Females At The Front, Ctd

Jan 25 2013 @ 8:28am

A reader highlights another reason why ending the ban is so crucial:

Without the combat designation, women veterans can be denied the benefits they need, particularly medical and psychological, because they were designated non-combat while serving. Receiving many benefits from the VA is dependent on “if the veteran engaged in combat with the enemy.” A critical part of the approval process is what was the veteran’s designated military occupational speciality. If women will have noncombat MOS even if they engaged in combat because they are women then that means the VA might not approve them for combat related requests for benefits. Women are not being treated equally under the law because of the noncombat designation.

I expect there will be a massive lawsuit on behalf of all the female veterans of the Iraq and Afghanistan wars to be retroactively reclassified as having served with combat duty in order to get the medical benefits they will need from the VA for the rest of their lives. Because right now, that shit is being denied and will continue being denied for the entirety of their lives, all because they were designated ‘non-combat’ when they served.

Update from another:

The last reader’s comment regarding women not getting full VA benefits from combat related issues strikes me as utter horseshit. I’m a male serving in a support MOS, along with way more males than females in these non-combat arms MOSs, so wouldn’t I have the same problem (if I had medical issues from combat) regardless of gender but based on MOS? If there is just plain old sexism going on in the VA, then it’s already illegal.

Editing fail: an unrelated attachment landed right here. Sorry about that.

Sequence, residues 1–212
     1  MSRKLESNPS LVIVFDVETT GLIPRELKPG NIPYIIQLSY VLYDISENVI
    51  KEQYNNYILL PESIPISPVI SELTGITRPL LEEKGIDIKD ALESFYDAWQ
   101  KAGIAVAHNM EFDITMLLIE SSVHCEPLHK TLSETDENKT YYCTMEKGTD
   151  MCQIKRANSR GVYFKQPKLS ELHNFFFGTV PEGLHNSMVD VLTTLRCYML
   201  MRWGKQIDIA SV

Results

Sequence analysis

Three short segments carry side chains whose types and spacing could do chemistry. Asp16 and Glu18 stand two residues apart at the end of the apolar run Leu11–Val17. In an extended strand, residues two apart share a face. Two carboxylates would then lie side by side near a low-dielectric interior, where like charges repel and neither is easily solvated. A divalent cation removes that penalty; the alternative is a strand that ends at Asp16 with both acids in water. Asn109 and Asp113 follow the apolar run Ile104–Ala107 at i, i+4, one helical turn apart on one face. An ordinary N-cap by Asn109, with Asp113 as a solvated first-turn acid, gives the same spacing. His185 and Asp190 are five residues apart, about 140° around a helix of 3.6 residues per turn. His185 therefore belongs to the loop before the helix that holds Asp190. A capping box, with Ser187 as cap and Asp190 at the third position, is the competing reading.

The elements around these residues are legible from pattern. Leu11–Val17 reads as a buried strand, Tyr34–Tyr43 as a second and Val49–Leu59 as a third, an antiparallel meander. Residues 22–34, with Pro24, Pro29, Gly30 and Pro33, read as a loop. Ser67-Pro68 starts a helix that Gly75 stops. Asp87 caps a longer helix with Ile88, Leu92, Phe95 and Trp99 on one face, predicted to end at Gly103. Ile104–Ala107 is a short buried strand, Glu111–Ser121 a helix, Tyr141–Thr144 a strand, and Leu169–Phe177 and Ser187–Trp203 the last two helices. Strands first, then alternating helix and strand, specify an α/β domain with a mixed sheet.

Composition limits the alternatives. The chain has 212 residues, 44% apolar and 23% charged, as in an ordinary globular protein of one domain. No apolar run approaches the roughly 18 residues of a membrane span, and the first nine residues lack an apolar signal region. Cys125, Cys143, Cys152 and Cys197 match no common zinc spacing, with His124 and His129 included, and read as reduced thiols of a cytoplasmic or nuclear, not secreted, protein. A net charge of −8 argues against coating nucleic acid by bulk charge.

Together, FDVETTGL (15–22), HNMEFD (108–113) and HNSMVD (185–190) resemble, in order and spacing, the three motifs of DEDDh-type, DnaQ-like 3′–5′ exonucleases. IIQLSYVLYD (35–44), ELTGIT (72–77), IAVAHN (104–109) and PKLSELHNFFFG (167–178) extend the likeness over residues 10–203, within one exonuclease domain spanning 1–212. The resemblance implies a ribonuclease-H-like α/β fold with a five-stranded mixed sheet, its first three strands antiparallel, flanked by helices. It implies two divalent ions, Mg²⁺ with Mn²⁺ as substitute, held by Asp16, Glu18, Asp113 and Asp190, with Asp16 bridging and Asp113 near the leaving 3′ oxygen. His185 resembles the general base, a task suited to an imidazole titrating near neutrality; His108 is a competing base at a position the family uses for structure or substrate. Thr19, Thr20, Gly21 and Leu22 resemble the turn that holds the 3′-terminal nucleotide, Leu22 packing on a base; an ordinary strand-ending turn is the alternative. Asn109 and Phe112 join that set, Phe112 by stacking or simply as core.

The Combat Action Badge, awarded for directly engaging or being engaged by the enemy, was specifically invented to recognize the combat service of non-infantry MOSs (who are awarded the Combat Infantryman’s Badge and have for a long time). So, if this issue is actually occurring systematically based on “combat designation”, it would be a discrimination based on job description and not actual combat service, and not actually fixed by women in combat arms.

I have (thankfully) had very little to do with the VA health system, but I would guess your previous reader has had even less. From what I understand, if you have documentation that your health issues are combat related the VA will address it. So while it might be a tad harder to justify if you’re not in a combat MOS, it should not be because of gender already.